• Paraneoplastic Neurologic Disorders: A term used to describe the distant neurological effects of cancer. It results from an autoimmune attack against antigens present in cancer and the nervous system. Peripheral nerves, central nervous system and muscle controlling nerves may be affected. Often the effects become obvious before the cancer is detected. Types of PNS include Lambert-Eaton myasthenic syndrome, subacute cerebellar ataxia, opsoclonus-myoclonus, retinopathies, limbic encephalitis, chronic gastrointestinal pseudoobstruction, sensory neuronopathy, encephalomyelitis, dermatomyositis, Stiff-Person syndrome and melanoma-associated retinopathy.
  • Plague: Any epidemic disease with a high death rate.
  • Pneumococcus: Bacteria causing ear infections, pneumococcal pneumonia, and pneumococcal meningitis.
  • Polio: Dangerous virus now rare due to vaccination.
  • Poliomyelitis: Dangerous virus now rare due to vaccination.
  • Pontiac fever: Mild form of legionellosis usually in healthy people.
  • Post-vaccinial encephalitis: Post-vaccinial encephalitis is a brain infection that occurs after a smallpox vaccination.
  • Poxviridae disease: A group of infectious diseases that cause puss filled skin eruptions. Chicken pox and small pox are examples.
  • Primary amoebic meningoencephalitis: Meningitis/encephalitis from amebic infections.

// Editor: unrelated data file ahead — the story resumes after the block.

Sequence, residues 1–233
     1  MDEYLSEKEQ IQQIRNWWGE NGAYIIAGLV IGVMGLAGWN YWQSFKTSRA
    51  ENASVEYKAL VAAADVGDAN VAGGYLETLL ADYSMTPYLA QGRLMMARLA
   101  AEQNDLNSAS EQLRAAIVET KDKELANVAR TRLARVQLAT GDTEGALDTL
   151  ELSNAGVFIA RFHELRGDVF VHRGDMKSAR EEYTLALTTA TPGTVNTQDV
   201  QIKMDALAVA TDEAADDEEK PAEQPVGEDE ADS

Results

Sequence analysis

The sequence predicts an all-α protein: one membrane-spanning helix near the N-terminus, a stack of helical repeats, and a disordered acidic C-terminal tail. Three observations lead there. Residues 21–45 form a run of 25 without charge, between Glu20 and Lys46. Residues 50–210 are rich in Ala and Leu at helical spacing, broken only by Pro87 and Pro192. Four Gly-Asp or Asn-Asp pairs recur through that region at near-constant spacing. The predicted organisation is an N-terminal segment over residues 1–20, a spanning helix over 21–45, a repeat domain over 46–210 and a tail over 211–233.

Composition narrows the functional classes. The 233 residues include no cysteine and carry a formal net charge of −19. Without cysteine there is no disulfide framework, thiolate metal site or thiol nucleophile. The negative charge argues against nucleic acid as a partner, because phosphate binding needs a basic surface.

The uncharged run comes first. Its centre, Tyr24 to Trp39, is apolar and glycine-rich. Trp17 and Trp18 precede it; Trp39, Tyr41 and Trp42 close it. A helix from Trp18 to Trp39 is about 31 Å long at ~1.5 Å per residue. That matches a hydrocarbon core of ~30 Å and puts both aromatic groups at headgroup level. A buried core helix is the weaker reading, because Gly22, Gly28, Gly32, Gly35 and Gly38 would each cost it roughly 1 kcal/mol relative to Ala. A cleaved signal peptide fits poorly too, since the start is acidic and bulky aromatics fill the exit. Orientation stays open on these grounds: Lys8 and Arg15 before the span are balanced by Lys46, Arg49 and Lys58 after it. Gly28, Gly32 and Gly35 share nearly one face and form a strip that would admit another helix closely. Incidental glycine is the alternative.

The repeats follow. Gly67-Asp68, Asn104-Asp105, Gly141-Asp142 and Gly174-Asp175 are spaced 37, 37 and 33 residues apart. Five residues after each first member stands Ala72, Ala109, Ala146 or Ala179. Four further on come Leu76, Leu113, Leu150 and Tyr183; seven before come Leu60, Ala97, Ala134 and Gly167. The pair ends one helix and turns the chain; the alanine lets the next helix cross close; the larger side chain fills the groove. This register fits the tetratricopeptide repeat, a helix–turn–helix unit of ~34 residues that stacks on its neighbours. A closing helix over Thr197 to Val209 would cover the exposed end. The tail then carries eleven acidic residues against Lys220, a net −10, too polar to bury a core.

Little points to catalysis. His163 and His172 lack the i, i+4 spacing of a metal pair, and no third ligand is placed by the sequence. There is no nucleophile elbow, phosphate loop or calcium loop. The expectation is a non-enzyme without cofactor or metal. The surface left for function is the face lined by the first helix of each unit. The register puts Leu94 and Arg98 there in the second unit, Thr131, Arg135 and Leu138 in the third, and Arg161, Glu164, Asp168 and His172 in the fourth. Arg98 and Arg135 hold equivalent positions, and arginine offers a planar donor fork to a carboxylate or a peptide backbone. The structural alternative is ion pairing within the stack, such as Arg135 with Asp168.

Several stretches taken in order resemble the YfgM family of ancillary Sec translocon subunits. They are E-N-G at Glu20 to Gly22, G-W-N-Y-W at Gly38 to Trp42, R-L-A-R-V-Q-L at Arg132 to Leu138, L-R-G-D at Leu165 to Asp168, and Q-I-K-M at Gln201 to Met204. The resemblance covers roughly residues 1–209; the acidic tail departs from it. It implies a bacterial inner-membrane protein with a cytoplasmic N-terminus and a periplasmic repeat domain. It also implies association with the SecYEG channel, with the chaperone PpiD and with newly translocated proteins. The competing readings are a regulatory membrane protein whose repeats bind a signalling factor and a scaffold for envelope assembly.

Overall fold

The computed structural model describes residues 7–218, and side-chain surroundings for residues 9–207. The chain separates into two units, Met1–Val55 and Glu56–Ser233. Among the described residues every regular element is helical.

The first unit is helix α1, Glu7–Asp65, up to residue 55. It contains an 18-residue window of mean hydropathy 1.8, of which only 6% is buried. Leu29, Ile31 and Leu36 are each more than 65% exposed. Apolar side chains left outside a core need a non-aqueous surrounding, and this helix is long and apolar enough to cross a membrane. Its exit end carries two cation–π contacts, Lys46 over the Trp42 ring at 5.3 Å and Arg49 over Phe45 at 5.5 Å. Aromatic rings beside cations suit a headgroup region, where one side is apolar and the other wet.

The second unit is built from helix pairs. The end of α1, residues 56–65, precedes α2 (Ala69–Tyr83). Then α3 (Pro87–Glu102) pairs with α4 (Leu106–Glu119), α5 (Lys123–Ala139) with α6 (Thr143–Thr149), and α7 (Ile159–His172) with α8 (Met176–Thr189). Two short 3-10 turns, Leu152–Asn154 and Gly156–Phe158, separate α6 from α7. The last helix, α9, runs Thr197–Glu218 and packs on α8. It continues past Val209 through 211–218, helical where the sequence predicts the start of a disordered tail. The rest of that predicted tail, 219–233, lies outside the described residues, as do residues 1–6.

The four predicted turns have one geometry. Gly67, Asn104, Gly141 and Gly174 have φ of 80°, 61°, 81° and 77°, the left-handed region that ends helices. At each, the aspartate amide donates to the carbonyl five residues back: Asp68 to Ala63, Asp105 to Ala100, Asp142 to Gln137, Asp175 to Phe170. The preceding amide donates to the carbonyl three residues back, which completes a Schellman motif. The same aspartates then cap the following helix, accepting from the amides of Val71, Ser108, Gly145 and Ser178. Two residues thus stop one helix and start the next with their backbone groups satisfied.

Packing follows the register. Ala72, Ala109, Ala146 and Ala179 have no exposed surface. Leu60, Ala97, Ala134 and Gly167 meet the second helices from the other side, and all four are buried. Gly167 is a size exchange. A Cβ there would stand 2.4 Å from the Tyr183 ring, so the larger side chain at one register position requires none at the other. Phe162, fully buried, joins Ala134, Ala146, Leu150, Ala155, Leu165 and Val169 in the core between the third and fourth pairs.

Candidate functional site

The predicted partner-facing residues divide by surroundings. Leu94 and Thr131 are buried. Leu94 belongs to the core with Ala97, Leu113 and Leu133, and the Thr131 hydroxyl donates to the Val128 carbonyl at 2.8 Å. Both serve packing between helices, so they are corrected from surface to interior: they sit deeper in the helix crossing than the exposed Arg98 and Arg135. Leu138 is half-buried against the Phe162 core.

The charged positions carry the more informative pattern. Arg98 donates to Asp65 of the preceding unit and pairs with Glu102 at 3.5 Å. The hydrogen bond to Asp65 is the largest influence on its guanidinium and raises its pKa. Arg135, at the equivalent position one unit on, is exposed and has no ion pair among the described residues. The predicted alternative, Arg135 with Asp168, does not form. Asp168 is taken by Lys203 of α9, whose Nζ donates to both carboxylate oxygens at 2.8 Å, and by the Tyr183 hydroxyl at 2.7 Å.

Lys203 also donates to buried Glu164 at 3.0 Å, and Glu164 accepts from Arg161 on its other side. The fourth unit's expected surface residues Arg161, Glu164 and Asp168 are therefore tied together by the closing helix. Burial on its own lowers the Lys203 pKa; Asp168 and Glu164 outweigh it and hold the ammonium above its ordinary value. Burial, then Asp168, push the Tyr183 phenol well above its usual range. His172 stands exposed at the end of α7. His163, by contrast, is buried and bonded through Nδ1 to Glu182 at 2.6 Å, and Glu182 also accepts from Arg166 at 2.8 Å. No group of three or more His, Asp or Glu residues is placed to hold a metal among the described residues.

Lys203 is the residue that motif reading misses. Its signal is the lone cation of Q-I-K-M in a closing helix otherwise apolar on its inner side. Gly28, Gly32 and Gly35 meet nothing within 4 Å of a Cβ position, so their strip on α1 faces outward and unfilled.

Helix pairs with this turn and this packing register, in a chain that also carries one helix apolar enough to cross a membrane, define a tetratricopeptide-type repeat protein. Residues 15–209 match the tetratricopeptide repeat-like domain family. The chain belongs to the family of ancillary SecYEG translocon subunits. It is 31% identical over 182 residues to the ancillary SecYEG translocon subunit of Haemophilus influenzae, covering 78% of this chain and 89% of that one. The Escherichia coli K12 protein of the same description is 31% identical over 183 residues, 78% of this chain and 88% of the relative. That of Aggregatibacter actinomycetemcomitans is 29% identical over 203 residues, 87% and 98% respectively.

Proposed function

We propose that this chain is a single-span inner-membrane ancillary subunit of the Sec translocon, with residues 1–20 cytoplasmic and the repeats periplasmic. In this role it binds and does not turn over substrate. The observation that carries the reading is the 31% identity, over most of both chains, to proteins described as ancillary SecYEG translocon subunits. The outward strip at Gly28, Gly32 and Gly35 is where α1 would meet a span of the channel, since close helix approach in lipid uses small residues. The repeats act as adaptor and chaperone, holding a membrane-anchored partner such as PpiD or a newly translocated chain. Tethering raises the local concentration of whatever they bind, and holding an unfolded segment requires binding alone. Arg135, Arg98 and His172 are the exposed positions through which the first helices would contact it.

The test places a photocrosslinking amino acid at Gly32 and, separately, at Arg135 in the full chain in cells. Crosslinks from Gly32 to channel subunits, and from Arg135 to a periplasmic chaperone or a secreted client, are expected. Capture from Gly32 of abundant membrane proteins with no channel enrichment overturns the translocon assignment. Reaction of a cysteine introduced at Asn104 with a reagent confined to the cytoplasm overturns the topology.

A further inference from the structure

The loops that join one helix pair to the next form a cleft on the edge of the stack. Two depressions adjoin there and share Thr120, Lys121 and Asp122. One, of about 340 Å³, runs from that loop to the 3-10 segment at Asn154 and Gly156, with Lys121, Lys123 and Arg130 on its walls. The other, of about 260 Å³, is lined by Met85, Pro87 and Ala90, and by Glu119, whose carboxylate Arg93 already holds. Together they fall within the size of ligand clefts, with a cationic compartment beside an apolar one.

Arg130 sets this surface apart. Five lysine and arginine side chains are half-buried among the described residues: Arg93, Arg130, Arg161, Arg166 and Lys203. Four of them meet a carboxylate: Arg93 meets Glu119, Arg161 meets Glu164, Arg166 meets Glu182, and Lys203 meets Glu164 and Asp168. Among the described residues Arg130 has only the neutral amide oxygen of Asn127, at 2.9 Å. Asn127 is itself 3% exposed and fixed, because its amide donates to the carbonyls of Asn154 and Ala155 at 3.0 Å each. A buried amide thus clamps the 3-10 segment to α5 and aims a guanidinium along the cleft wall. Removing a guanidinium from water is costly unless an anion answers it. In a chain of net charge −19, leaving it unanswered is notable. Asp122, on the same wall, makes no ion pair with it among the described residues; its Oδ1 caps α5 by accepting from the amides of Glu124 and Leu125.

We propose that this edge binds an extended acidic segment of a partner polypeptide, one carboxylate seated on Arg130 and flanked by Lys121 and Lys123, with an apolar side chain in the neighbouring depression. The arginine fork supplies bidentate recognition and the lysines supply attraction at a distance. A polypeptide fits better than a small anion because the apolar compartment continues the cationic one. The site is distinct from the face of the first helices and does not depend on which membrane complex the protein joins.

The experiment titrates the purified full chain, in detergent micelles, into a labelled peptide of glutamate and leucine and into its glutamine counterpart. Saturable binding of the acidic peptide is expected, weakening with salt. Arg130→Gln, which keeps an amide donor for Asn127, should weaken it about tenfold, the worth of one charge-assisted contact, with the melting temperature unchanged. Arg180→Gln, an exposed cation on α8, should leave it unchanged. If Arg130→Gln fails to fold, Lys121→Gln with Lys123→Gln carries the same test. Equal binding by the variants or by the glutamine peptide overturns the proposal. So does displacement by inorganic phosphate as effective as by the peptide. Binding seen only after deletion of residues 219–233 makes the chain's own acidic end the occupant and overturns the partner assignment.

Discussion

• Progressive Multifocal Leukoencephalopathy: Progressive degenerative condition of the brain.
  • Rabies: An infectious disease that can affect any mammal including humans and is transmitted through the saliva of an infected animal. The infectious agent is the Neurotropic lyssavirus which affects the salivary gland and also causes neurological symptoms.
  • Rasmussen's Encephalitis: Rare possibly-autoimmune brain condition.
  • Rift Valley Fever: Mosquito-borne viral infection affecting animals and humans
  • Rocio encephalitis: Inflammation of the brain caused by a flavivirus called Rocio virus. It occurs in south-eastern Brazil with transmission occurring through mosquito bites. The incubation period is 1-2 weeks. Death is not an uncommon outcome.
  • Rubella: A contagious viral infection caused by the Rubella virus which produces a rash and lymph node swelling. It can have serious implication in pregnant women as the virus can be transmitted through the placenta and cause serious fetal defects or even fetal death.